The Cisco documentation makes a distinction between allowing LAN access
and what they call "split tunneling, where the client has unencrypted
access to the Internet while connected to the ASA or PIX". See the note
at the bottom of the introduction. I think the point here is that only
machines on the user's LAN would be included - of course, even that is
dicey since your LAN could be everyone in the airport departure lounge
On 10/15/2010 10:57 AM, Andrew Hendrickson wrote:
> That *is* split tunneling as I understand it.
> And in response to Marc, you've basically defined the entire dilemma
> of any form of security. It is always a trade off between
> convenience and security.
> Unfortunately in our times, "security" can also be defined as "cost
> containment" and "lawsuit avoidance". Because the potential cost of
> a security breach is quite high, convenience is on the chopping block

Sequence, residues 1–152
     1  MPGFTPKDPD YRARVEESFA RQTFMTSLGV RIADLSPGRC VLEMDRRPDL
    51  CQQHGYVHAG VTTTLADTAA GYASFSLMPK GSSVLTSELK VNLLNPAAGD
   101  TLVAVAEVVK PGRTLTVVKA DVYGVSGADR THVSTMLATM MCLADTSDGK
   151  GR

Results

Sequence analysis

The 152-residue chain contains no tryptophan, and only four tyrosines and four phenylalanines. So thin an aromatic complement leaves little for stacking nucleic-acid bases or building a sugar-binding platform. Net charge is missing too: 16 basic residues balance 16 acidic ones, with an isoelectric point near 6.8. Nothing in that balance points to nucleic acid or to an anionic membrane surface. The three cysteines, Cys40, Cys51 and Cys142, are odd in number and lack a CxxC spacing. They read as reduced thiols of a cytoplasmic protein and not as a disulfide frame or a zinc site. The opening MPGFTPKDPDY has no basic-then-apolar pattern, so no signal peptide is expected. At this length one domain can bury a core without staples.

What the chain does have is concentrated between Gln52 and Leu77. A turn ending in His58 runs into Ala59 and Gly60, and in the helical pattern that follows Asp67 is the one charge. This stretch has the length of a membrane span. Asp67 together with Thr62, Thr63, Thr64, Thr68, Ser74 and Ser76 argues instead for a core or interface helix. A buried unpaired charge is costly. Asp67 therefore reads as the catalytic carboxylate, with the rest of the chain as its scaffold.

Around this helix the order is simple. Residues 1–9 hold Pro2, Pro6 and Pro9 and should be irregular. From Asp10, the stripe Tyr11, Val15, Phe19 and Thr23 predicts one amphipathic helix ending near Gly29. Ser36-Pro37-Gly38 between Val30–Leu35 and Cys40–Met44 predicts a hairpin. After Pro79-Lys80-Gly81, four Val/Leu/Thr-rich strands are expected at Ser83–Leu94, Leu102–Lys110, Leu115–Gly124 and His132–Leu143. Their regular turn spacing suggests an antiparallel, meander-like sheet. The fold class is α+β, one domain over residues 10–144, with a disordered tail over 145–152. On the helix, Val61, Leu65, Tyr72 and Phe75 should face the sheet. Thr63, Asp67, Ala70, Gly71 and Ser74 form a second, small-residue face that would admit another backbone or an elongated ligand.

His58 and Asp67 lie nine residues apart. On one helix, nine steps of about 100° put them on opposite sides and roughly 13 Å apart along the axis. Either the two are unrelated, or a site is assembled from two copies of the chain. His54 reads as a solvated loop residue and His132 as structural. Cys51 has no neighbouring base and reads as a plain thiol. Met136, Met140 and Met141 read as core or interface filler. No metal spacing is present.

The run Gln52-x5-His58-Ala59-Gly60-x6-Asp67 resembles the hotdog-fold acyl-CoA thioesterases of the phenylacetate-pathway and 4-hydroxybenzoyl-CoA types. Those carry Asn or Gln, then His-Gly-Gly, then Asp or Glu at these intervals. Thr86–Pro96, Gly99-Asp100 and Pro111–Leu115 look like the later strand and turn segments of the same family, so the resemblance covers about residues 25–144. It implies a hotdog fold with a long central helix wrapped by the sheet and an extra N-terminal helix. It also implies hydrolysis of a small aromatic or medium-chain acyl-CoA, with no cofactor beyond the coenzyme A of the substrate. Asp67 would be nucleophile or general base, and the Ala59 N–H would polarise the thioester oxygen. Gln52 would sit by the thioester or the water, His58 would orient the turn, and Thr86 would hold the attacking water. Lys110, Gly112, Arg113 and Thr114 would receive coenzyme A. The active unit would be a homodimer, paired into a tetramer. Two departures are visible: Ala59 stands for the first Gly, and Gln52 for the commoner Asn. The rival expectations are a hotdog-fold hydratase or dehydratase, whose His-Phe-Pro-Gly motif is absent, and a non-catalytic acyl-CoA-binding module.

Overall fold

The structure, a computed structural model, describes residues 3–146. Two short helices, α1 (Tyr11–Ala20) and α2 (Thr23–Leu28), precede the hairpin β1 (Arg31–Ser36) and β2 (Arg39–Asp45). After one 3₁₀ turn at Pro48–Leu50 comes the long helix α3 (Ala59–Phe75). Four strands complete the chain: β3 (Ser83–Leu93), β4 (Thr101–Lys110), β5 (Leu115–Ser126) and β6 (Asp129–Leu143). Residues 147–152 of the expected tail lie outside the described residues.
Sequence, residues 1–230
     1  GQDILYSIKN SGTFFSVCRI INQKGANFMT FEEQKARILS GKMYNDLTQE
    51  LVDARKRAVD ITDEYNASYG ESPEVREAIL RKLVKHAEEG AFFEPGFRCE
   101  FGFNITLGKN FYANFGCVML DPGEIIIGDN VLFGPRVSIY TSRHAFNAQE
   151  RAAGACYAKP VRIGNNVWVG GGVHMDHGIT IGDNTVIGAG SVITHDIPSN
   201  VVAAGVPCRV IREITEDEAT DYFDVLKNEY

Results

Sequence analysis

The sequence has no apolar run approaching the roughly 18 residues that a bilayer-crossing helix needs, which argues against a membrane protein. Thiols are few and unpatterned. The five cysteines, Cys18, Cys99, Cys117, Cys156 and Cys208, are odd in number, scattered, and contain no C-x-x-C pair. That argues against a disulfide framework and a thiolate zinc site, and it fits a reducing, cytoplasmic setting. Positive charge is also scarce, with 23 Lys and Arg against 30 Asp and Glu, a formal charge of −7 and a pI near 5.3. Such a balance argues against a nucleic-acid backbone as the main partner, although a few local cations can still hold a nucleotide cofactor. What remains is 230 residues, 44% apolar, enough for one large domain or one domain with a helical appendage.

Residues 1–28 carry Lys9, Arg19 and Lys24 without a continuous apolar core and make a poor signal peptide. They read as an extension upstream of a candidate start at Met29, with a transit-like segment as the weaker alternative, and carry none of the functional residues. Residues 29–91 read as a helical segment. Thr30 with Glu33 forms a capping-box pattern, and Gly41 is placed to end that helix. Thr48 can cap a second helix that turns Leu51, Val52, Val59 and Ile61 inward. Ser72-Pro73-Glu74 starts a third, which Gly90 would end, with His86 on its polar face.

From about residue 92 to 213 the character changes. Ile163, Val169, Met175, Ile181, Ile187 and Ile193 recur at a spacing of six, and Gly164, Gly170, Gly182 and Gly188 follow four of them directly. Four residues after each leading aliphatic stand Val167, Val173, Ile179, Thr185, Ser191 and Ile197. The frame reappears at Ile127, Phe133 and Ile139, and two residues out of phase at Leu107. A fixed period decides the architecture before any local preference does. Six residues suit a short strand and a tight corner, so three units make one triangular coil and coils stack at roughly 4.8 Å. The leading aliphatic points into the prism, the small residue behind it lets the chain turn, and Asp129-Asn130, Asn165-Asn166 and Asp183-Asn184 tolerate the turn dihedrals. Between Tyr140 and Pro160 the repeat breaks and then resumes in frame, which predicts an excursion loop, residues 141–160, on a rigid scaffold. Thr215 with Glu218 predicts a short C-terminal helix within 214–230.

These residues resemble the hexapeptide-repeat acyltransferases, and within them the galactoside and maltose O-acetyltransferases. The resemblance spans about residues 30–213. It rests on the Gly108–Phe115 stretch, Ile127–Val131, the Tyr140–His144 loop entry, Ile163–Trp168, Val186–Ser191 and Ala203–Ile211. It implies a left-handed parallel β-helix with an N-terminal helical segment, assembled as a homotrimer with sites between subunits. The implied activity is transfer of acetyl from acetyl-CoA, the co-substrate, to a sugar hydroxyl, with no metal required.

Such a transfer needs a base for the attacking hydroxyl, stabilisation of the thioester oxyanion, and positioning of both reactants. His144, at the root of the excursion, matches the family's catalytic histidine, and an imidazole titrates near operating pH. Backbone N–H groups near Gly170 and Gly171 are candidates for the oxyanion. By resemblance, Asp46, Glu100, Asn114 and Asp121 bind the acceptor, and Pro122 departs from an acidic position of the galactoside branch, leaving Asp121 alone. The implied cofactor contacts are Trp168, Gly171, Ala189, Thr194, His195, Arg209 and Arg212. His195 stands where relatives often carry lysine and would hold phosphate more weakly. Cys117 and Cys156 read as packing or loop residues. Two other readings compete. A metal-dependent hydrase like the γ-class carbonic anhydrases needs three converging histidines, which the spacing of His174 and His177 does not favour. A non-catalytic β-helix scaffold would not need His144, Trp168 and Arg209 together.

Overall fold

> most of the time.
> On Oct 15, 2010, at 10:54 AM, Rama Kocherlakota wrote:
>> Could we enable LAN access without enabling true split tunneling,
>> as in this document:
>> On 10/15/2010 10:39 AM, Marc Farnum Rendino wrote:
>>> Hmm... I'm as much a stickler as anyone for security (ask anyone
>>> :), however isn't this one of those situations where we're:
>>> - attempting to avoid a *potential* cost (ex: a security breach)
>>> - by paying a *certain* cost (ex: lost functionality, increased
>>> support costs, attempts to route around...)?
>>> And it seems to me that the potential increase in risk (of
>>> allowing split-tunneling) is minor, since the "horse is already
>>> out of the barn" so to speak, in that the security of the remote
>>> machines connecting in to the VPN is an unknown. And that's
>>> pretty much the same as the vast majority of machines on campus
>>> The cost/benefit doesn't seem to work out.
>>> On Thu, Oct 14, 2010 at 10:32 PM, Dan Brisson<[log in to unmask]
>>> <mailto:[log in to unmask]>> wrote:
>>> Bryan is correct that security best practices dictate not using
>>> split tunneling.